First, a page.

We Are Products Of Our Childhood. We see the world through personal experiences from childhood and behave accordingly. Do you have a difficult time managing your emotions? I have clients who can’t manage their emotions because they don’t know what they are. Instead, they act out through unattractive behavior, which makes them look and feel bad. We all have a narrative we created by what happened and what didn’t happen while growing up. This narrative, I sometimes refer to as the”cartoons” in our minds stir up uncomfortable feelings like anxiety, anger, and fear. These cartoons are made up of what our “inner child” thinks and feels. The inner child is who you are from birth to seventeen years, whose experiences of embarrassment and humiliation get the adult you in trouble. Our inner child still exists within us. Despite our chronological age, the inner child sometimes causes us to revert to a younger emotional age in order to manage life’s stressful situations. In essence, we revert to a lower emotional maturity, which can seriously throw our lives off balance and affect our dearest relationships.
We Are Products Of Our Childhood
The inner child often carries and conceals negative childhood experiences, and our adult selves, regardless of how emotionally developed we think we are, frequently need help addressing and resolving childhood traumas, wounds and abuse. This trauma not only affects your primary relationship, but all your relationships.
Inner child wounds:
- Abandonment – feels left out; fears being left; hates being alone; co-dependent; threatens to leave; normally attracts emotionally unavailable people.
- Neglect – struggles to let things go; has low self-worth; gets angry easily; struggles to say “no”; represses emotions; fears being vulnerable; normally attracts people who don’t appreciate them or make them feel “seen”
- Trust – is afraid to be hurt; doesn’t trust themselves; finds ways to not trust people; feels insecure and needs lots of external validation; doesn’t feel safe; normally attracts people who don’t feel safe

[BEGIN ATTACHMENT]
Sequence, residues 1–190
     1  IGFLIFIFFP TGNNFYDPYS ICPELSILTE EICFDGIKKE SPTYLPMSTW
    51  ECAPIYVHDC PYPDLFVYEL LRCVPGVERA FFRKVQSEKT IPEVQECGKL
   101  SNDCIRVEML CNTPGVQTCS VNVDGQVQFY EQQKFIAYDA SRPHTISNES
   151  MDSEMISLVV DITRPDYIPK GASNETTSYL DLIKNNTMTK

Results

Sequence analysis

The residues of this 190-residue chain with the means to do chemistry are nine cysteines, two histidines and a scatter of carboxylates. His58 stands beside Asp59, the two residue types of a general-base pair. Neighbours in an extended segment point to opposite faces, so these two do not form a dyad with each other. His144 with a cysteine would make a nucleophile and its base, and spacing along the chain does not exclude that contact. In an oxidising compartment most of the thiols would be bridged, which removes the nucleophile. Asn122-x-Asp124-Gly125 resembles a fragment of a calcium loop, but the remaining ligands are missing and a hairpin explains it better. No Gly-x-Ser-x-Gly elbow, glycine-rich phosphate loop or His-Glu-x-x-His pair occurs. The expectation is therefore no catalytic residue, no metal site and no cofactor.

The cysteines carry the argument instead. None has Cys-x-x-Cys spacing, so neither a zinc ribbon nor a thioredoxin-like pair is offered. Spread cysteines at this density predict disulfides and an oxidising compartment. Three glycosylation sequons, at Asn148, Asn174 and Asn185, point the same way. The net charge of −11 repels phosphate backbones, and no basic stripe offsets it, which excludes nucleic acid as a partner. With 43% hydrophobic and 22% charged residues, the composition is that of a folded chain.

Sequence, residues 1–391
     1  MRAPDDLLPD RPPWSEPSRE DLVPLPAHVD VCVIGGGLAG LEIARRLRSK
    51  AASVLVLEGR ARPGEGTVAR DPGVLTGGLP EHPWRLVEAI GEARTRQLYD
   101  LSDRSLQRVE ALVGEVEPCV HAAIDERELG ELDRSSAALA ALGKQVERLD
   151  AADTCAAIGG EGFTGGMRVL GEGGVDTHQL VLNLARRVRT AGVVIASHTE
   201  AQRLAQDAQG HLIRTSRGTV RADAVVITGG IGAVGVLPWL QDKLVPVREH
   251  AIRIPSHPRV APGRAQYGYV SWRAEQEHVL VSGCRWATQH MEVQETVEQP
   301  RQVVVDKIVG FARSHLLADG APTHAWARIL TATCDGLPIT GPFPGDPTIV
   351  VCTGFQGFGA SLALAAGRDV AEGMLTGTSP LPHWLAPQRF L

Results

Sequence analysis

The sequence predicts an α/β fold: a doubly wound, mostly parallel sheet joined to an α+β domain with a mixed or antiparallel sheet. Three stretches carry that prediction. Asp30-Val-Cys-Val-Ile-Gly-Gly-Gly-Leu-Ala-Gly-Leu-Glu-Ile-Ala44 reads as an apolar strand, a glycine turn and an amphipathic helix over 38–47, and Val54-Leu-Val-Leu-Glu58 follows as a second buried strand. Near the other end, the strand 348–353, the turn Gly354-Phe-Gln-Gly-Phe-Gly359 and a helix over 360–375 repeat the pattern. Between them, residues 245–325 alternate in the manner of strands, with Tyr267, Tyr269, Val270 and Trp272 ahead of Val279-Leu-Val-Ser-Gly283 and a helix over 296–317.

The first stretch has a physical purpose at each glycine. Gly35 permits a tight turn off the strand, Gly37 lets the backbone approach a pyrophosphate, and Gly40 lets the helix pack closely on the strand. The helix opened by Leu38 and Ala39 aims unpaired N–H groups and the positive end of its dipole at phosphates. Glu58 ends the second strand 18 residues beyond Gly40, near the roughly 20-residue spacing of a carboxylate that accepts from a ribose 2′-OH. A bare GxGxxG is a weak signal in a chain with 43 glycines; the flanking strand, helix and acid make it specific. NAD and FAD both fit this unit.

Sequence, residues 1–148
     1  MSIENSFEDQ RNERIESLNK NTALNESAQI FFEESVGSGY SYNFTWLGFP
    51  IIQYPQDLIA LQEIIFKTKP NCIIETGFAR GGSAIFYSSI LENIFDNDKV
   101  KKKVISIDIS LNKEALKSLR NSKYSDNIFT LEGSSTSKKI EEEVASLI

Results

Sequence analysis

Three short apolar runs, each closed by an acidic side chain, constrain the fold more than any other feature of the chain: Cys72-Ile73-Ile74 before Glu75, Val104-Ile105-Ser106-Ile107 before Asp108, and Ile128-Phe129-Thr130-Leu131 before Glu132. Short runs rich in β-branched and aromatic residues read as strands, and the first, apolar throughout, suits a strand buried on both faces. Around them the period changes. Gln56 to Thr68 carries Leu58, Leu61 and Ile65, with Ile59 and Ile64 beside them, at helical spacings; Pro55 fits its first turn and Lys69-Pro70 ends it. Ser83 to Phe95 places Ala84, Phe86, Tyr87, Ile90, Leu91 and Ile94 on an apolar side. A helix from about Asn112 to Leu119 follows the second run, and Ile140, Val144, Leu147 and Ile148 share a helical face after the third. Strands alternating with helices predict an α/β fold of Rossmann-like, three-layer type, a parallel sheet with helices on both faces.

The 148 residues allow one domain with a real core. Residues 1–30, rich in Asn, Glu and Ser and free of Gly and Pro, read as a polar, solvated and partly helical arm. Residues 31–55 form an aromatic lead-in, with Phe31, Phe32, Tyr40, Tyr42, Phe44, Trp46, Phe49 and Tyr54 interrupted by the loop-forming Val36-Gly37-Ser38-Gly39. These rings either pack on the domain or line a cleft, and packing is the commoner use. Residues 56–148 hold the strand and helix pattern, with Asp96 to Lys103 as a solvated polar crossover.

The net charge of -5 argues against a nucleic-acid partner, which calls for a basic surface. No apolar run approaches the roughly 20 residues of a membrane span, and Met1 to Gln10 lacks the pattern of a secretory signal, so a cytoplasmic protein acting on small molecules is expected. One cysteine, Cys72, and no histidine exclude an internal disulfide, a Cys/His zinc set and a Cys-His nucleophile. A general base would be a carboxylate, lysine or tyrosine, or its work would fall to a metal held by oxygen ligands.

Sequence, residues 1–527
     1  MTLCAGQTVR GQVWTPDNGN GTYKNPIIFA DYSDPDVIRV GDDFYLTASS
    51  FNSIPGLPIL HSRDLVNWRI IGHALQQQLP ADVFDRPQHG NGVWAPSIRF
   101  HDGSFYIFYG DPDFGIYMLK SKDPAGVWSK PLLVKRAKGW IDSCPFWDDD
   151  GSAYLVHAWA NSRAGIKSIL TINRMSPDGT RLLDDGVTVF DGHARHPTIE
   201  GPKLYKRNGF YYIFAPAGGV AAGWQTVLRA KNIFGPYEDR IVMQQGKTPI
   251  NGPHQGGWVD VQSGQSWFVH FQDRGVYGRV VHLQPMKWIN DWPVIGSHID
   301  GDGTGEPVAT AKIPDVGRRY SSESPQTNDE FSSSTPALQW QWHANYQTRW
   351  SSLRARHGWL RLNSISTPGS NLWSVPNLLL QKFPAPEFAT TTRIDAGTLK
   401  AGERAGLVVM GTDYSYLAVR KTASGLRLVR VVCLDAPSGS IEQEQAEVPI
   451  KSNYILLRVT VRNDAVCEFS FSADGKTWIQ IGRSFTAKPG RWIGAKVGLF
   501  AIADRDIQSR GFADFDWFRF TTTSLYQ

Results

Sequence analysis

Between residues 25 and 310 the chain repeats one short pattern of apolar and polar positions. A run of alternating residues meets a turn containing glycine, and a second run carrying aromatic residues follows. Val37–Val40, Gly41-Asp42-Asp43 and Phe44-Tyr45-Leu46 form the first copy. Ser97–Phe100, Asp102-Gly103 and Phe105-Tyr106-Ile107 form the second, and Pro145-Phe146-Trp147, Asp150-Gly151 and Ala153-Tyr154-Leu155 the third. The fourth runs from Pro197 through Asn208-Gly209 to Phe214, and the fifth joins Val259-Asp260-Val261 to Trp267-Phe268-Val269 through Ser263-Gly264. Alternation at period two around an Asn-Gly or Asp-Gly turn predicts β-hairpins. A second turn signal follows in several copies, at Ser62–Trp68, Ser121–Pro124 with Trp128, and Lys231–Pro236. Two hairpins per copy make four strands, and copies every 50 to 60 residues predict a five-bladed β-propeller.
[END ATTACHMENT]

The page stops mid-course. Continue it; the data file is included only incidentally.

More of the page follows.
- Guilt – feels “sorry” or “bad”; doesn’t ask for things; uses guilt to manipulate; is afraid to set boundaries; normally attracts people who make them feel guilty
Things Your Inner Child Needs To Hear:
- It’s not your fault when other people are in bad moods
- It’s okay to feel
- You’re a good person and I love you
- You are worth protecting
- You’re not alone; I’m with you
- You are beautiful and loved
- What happened to you was not your fault
What you can do to heal your inner child:
- Acknowledge your inner child
- Listen to what your inner child has to say
- Write a letter
- Give meditation a try
- Learn to do some breath work
- Bring back the fun parts of your childhood
- Talk to a therapist trained to do “inner child” work
When needs for love, recognition, praise, and other types of emotional support go unmet in childhood, the trauma that results can last well into your adult life.
But it’s never too late to heal. By learning to nurture your inner child, you can validate these needs, learn to express emotions in healthy ways, and increase self-compassion and self-love.
For more information please contact me at CouplesCounselorSanDiego.com or (858)735-1139